Research Study Abstract

Assessing physical activity in people with posttraumatic stress disorder: feasibility and concurrent validity of the International Physical Activity Questionnaire– short form and actigraph accelerometers

  • Published on Aug. 27, 2014

Background: Posttraumatic stress disorder (PTSD) is reportedly associated with lower rates of physical activity participation despite the known benefits of regular physical activity for improving both mental and physical health. However, no studies have evaluated the validity or feasibility of assessing physical activity within this population resulting in uncertainty around the reported lower rates of physical activity participation. This study aimed to evaluate the feasibility and concurrent validity of the International Physical Activity Questionnaire-Short Form (IPAQ-SF) and the Actigraph accelerometer (an objective physical activity monitor) among inpatients with PTSD.

Methods: Fifty-nine adult hospital inpatients with a Diagnostic Statistical Manual Mental Disorder-IV-TR diagnosis of primary PTSD (mean age = 49.9 years; 85% male) participated in the study. Participants were asked to wear an Actigraph accelerometer for seven consecutive days then complete the IPAQ-SF. The Spearman rho correlation coefficient compared the amount of moderate to vigorous physical activity (MVPA) measured with the Actigraph and the total physical activity reported in the IPAQ-SF.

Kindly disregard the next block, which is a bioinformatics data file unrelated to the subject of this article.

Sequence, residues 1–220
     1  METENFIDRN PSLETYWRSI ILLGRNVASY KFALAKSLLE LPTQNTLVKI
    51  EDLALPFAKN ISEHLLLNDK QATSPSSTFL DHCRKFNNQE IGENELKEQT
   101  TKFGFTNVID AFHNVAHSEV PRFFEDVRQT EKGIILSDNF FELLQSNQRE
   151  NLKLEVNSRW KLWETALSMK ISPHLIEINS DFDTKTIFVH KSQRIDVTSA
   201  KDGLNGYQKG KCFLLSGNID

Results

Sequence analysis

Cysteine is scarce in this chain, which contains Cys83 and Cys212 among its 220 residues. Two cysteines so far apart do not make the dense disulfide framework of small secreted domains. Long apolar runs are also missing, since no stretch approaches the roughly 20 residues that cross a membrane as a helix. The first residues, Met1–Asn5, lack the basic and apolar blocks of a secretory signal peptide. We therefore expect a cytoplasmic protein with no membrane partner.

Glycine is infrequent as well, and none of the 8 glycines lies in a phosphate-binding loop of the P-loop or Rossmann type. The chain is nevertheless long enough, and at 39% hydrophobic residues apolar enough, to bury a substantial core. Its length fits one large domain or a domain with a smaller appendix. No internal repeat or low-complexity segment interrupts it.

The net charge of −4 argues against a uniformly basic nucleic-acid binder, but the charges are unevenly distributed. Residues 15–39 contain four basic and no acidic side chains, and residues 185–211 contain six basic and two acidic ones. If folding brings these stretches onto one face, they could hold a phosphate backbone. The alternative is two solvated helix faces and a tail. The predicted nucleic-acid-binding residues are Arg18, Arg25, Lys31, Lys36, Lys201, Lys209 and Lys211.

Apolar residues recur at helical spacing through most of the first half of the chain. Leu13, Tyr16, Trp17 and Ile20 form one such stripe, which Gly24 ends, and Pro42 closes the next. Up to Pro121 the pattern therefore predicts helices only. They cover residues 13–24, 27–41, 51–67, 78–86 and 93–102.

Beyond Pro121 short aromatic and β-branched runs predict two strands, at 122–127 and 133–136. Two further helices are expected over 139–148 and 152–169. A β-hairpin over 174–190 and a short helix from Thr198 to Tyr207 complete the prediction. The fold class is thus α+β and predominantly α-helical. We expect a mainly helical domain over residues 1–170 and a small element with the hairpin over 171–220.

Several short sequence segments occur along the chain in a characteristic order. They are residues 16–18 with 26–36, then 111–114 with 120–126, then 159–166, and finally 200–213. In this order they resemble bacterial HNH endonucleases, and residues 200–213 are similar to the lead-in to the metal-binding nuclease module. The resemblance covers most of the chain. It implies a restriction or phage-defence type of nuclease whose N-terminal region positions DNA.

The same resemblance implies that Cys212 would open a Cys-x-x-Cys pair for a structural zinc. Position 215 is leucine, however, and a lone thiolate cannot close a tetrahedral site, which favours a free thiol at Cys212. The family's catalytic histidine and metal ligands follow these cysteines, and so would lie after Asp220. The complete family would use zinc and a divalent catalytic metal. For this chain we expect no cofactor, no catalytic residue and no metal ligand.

Results: Lower than expected compliance with wearing accelerometers (<4 days valid data) (n = 20) was found suggesting that the use of accelerometers within this population may not be feasible. Complete IPAQ-SF data were available for 45 participants (76%) indicating that this tool also has its limitations in this population. The Spearman rho was 0.46 (p = 0.01) for the 29 participants with four or more valid days of accelerometer data (as per literature standards) and available IPAQ-SF.

Conclusion: The IPAQ-SF and the Actigraph accelerometer have limitations in people with PTSD but in those able to provide data, show correlations of a magnitude comparable to those observed in the general population. The development and testing of mental health specific tools may enhance measurement of physical activity in this population.


  • Simon Rosenbaum 1,2
  • Anne Tiedemann 2
  • Catherine Sherrington 2
  • Hidde P van der Ploeg 3


  • 1

    Musculoskeletal Division, The George Institute for Global Health, The University of Sydney, Missenden Road, PO Box M201, Sydney, NSW 2050, Australia

  • 2

    St John of God Healthcare Richmond Hospital, 177 Grose Vale Road, North Richmond, NSW 2754, Australia

  • 3

    Department of Public and Occupational Health, EMGO Institute for Health and Care Research, VU University Medical Center, Amsterdam, The Netherlands


BMC Research Notes